Baltic Gas Interconnector - Technical Features

Technical Features

The pipeline was designed for a pressure of 150 bars (15 MPa) with a diameter of 28 to 32 inches (710 to 810 mm). The planned annual capacity was 3 billion cubic metres (110 billion cubic feet) with option for later increase up to 10 billion cubic metres (350 billion cubic feet).

The consortium to build the Baltic Gas Interconnector consisted of DONG Energy (originally Energi E2), Hovedstadsregionens Naturgas (HNG), VNG - Verbundnetz Gas AG, E.ON Sverige AB, Göteborgs Energi, Lunds Energi and Öresundskraft.

Read more about this topic:  Baltic Gas Interconnector

Other articles related to "technical features, technical, technical feature":

LDE – Richard Hartmann To Zwickau - Technical Features
... The locomotives had Kirchweger condensers to pre-heat the feedwater ... An external feature of that is the second chimney on the tender ...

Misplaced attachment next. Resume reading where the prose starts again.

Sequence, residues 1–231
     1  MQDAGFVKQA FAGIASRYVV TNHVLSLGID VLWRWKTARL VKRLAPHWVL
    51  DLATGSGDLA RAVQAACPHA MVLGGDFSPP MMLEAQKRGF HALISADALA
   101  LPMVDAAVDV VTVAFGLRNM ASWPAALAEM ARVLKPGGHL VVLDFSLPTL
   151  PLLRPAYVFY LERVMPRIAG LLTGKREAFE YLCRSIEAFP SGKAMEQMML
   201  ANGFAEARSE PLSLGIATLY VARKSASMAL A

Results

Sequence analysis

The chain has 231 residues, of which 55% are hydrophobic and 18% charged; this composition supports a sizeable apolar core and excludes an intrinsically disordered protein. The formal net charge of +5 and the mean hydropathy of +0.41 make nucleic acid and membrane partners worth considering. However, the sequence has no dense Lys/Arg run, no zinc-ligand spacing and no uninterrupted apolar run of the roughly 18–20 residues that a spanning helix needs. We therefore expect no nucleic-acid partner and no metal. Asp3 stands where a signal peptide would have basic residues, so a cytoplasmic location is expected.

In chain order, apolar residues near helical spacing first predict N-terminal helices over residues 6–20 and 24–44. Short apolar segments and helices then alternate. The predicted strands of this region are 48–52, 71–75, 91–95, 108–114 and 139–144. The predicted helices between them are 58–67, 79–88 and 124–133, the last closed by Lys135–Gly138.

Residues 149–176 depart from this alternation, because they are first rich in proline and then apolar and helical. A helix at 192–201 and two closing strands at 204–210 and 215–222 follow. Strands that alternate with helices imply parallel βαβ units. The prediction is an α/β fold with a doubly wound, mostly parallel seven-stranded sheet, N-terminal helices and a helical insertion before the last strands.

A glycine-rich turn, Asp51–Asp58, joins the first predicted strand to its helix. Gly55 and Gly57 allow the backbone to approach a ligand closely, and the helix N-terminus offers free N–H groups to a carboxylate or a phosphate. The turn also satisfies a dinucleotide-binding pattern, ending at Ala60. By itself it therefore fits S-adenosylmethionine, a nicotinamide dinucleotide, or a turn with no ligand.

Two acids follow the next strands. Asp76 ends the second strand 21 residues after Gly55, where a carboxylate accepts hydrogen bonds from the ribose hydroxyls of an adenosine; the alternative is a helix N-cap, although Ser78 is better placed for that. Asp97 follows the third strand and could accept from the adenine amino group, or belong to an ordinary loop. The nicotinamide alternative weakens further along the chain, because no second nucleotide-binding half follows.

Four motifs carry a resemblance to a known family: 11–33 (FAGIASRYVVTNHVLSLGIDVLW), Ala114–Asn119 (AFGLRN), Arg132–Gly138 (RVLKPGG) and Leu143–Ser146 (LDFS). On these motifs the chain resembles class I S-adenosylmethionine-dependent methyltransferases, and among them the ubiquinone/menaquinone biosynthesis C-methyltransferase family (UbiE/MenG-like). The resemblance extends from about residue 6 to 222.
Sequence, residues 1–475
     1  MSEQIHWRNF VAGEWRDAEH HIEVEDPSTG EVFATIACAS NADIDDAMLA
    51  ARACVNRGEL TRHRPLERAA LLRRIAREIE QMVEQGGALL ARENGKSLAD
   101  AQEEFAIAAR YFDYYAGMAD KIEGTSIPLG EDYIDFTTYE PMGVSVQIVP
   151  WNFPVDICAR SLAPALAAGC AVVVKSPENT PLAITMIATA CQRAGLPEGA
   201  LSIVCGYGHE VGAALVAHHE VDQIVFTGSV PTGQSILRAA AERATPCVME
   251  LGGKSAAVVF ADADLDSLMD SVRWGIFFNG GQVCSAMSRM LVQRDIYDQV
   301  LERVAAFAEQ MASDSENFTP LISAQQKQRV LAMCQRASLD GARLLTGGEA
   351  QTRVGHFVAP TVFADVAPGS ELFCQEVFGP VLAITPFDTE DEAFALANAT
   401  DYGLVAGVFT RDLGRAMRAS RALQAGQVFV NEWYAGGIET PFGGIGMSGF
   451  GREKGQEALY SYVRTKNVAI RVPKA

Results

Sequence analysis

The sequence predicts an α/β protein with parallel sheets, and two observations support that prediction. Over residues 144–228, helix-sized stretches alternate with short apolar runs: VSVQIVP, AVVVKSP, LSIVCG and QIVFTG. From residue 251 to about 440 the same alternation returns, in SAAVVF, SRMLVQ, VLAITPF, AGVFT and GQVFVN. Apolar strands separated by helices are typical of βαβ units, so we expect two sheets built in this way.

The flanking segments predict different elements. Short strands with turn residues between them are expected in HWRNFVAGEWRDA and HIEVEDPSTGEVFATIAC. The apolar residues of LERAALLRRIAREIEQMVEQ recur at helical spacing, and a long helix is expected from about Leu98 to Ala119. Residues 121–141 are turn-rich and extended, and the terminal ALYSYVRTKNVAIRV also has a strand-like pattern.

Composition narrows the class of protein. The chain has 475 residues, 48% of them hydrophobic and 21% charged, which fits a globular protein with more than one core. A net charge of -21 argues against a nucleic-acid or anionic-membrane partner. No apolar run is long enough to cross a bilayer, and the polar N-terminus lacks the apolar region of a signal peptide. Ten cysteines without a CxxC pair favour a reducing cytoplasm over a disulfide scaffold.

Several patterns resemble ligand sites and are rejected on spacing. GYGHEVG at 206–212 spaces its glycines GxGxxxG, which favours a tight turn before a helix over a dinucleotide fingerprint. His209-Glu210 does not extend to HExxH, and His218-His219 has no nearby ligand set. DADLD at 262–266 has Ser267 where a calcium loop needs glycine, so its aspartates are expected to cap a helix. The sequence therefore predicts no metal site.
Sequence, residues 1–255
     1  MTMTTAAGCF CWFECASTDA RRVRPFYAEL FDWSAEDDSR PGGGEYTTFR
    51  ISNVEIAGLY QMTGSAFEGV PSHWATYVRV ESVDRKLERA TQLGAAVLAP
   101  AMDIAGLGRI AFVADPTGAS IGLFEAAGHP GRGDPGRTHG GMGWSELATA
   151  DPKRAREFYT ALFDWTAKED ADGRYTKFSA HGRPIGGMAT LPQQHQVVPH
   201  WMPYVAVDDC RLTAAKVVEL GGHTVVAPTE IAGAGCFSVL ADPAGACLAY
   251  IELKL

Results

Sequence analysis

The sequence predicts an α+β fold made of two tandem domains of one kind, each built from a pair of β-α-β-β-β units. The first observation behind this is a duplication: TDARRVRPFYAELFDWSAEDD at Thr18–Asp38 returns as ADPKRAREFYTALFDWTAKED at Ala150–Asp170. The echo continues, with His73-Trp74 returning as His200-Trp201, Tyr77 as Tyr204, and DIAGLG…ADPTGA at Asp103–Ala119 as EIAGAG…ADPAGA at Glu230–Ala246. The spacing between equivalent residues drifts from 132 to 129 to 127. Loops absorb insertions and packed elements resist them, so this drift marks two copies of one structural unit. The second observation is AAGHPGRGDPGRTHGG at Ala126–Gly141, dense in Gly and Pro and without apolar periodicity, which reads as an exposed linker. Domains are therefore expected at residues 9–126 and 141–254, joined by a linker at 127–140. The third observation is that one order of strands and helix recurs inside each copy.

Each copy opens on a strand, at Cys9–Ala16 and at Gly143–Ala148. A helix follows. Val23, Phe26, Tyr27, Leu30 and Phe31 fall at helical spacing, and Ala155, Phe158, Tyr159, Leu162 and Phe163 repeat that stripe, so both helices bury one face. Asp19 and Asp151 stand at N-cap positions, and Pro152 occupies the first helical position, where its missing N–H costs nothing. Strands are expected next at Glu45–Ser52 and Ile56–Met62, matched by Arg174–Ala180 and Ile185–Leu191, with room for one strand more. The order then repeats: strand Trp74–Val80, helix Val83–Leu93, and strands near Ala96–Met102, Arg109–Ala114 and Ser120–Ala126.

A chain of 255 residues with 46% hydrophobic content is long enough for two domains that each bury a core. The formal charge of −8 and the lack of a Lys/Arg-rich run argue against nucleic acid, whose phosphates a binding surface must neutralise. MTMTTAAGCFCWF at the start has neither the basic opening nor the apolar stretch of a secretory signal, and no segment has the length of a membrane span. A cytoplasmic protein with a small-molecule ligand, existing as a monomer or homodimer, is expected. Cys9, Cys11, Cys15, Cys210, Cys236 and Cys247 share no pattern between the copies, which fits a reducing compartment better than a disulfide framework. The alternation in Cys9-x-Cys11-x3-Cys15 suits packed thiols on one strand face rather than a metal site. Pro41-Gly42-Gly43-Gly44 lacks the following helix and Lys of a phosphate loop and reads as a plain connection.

T 258/03 - Reasoning On Patentable Subject-matter
... that the term "invention" is to be construed as "subject-matter having technical character", and finally that the "verification that claimed subject-matter ... The Board then confirmed the fact that a mixture of technical and non-technical feature may be patentable, and inferred that "a compelling reason for not ... justified this with the following analysis "an assessment of the technical character of a method based on the degree of banality of the technical features of the claim would involve remnants of the contribution ...

Famous quotes containing the words features and/or technical:

    “It looks as if
    Some pallid thing had squashed its features flat
    And its eyes shut with overeagerness
    To see what people found so interesting
    In one another, and had gone to sleep
    Of its own stupid lack of understanding,
    Or broken its white neck of mushroom stuff
    Short off, and died against the windowpane.”
    Robert Frost (1874–1963)

    The axioms of physics translate the laws of ethics. Thus, “the whole is greater than its part;” “reaction is equal to action;” “the smallest weight may be made to lift the greatest, the difference of weight being compensated by time;” and many the like propositions, which have an ethical as well as physical sense. These propositions have a much more extensive and universal sense when applied to human life, than when confined to technical use.
    Ralph Waldo Emerson (1803–1882)